Formula 1 racing car Lewis Hamilton set to gross up to € 5.8m
Unusual offers in sales over the next few weeks include a collection of Communion Tokens and a Lewis Hamilton Formula 1 race car.
For Formula 1 fans, the McLaren of Lewis Hamilton, winner of the 2010 Turkish Grand Prix, will be offered for sale at a one-time auction on July 17, the Saturday afternoon of the race weekend of Great Britain Pirelli Grand Prix. In the fourteen years since his baptism of fire in F1 in Melbourne 2007, Hamilton has contested 270 Grands Prix, won 98 and notched 100 pole positions in more than 5,170 laps. The seven-time Formula 1 world champion has also displayed his talents in several areas, such as fashion design and social and environmental activism.
The McLaren MP4-25, powered by the Mercedes Benz FO 108X 2.4l V-8 engine, proved to be a major improvement over its predecessor, in part thanks to the integration of the innovative F-Duct into its design, which reduced aerodynamic drag and allowed the car up to an additional 6 mph on the straights. With chassis number 25A-01, auction house Sotheby’s says it is “a unique opportunity given the rarity of the model” and that it is one of the few (the customer refrains from disclosing exactly how many cars are privately owned) . It can still be driven on the track and is supported by the original factory team as it is part of the individual heritage departments of McLaren and Mercedes.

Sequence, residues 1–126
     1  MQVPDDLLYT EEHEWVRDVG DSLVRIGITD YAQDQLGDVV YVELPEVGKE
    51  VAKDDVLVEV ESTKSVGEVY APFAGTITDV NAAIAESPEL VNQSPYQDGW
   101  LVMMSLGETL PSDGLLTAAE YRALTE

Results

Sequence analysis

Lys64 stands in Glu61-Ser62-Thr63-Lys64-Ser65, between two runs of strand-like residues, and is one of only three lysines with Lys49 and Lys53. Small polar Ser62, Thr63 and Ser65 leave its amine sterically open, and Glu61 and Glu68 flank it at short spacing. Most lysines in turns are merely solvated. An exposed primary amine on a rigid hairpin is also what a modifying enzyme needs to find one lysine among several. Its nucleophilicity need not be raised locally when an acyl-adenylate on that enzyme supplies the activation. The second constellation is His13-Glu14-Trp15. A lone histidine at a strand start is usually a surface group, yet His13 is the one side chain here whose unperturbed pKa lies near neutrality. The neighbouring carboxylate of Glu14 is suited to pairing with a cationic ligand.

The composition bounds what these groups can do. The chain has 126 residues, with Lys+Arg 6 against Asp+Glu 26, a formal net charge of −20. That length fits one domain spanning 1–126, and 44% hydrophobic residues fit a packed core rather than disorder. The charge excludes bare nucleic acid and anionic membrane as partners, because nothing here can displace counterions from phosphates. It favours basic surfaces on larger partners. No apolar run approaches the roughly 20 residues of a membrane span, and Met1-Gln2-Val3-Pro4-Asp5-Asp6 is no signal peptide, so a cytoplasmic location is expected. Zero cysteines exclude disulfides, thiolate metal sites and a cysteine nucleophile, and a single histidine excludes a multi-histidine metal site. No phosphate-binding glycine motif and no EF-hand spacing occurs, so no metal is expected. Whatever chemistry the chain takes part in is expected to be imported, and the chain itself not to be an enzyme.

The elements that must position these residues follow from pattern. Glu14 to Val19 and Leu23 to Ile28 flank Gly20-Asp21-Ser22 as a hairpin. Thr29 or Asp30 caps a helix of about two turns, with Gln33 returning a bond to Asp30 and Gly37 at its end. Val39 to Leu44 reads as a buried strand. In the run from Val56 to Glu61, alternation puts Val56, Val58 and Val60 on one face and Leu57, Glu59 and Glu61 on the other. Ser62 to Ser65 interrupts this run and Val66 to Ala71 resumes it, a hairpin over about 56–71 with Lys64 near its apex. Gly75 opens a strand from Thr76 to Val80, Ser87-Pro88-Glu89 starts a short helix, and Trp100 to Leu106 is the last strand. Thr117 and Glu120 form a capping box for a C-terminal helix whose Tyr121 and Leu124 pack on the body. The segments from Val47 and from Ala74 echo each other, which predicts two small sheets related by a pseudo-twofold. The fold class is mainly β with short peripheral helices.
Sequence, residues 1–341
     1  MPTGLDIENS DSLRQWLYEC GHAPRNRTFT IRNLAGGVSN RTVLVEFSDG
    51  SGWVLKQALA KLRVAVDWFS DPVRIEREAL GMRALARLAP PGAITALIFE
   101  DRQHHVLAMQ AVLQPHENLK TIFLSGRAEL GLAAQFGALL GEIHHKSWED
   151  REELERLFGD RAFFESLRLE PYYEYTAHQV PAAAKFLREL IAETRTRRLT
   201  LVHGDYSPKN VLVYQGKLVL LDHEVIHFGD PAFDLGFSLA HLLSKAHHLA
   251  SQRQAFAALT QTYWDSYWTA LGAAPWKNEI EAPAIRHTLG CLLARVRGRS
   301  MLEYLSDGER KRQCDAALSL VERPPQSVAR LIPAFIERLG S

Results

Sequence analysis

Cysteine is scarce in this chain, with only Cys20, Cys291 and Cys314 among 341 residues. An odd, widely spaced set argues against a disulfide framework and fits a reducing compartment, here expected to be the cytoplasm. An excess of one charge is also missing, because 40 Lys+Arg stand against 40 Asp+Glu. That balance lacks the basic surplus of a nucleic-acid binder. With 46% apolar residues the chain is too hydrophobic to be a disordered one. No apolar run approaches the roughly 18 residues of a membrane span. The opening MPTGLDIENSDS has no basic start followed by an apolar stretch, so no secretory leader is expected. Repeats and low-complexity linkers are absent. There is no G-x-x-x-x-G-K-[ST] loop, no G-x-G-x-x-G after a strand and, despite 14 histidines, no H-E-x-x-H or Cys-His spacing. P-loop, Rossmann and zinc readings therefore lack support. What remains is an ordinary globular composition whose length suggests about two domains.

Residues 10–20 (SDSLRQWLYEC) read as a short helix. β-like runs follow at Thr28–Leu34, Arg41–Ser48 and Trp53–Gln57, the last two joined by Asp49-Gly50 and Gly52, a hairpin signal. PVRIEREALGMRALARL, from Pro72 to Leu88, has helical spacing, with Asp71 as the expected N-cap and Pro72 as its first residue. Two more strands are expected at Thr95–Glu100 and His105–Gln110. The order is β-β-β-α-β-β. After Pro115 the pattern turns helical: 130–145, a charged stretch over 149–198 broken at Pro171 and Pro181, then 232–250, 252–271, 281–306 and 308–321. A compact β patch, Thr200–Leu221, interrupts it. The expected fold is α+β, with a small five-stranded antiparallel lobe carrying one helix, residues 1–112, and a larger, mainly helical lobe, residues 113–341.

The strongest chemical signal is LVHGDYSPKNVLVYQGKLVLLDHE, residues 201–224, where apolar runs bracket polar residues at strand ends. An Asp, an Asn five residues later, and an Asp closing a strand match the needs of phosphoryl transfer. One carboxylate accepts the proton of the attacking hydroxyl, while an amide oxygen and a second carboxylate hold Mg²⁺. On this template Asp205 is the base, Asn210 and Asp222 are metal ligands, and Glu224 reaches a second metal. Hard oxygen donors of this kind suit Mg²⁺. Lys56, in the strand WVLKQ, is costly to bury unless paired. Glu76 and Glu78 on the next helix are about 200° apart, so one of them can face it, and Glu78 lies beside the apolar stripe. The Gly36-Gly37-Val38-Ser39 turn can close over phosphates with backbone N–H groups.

The auction will take place before the very first Formula 1 sprint qualifying race, and the car will be driven around Silverstone as the auction comes in. listed with a tantalizing estimate of $ 5-7 million (€ 4.19-5.87 million) and that’s before the 12.5% commission.
During its Coins, Tokens and Historical Medals sale, July 6 and 7, in Mayfair Ten Noonan Webb sells what is described as the “best collection of Irish Communion Tokens ever to be auctioned,” which has been amassed for many years by Delmas Parker of Oklahoma.
“Communion tokens are derived from the Irish Wars of Religion of the mid-1600s,” said Peter Preston-Morley, head of the coins department at Dix Noonan Webb.
“Protestants gathered in large church meetings, which served not only as religious meetings, but also as political rallies. To keep track of who attended these larger meetings, which were subject to the activities of political spies and people who did not belong, Communion Tokens were created.
The collection of 72 lots, totaling 455 tokens mainly includes coins from Northern Ireland but Dublin is also represented with three Ormond Quay tokens, including the Scotch Church 1843 (150 £ -200 £ / 174-232 €) and this which is described as “a very beautiful token from the Presbyterian Church of Tralee dating from 1911” (£ 60- £ 80 / € 69- € 93). The entire collection includes pieces from the Norweb, Noble and Macmillan collections in addition to that of Lester Burzinski, author of the standard reference, and is expected to reach around £ 10,000 / € 11,641.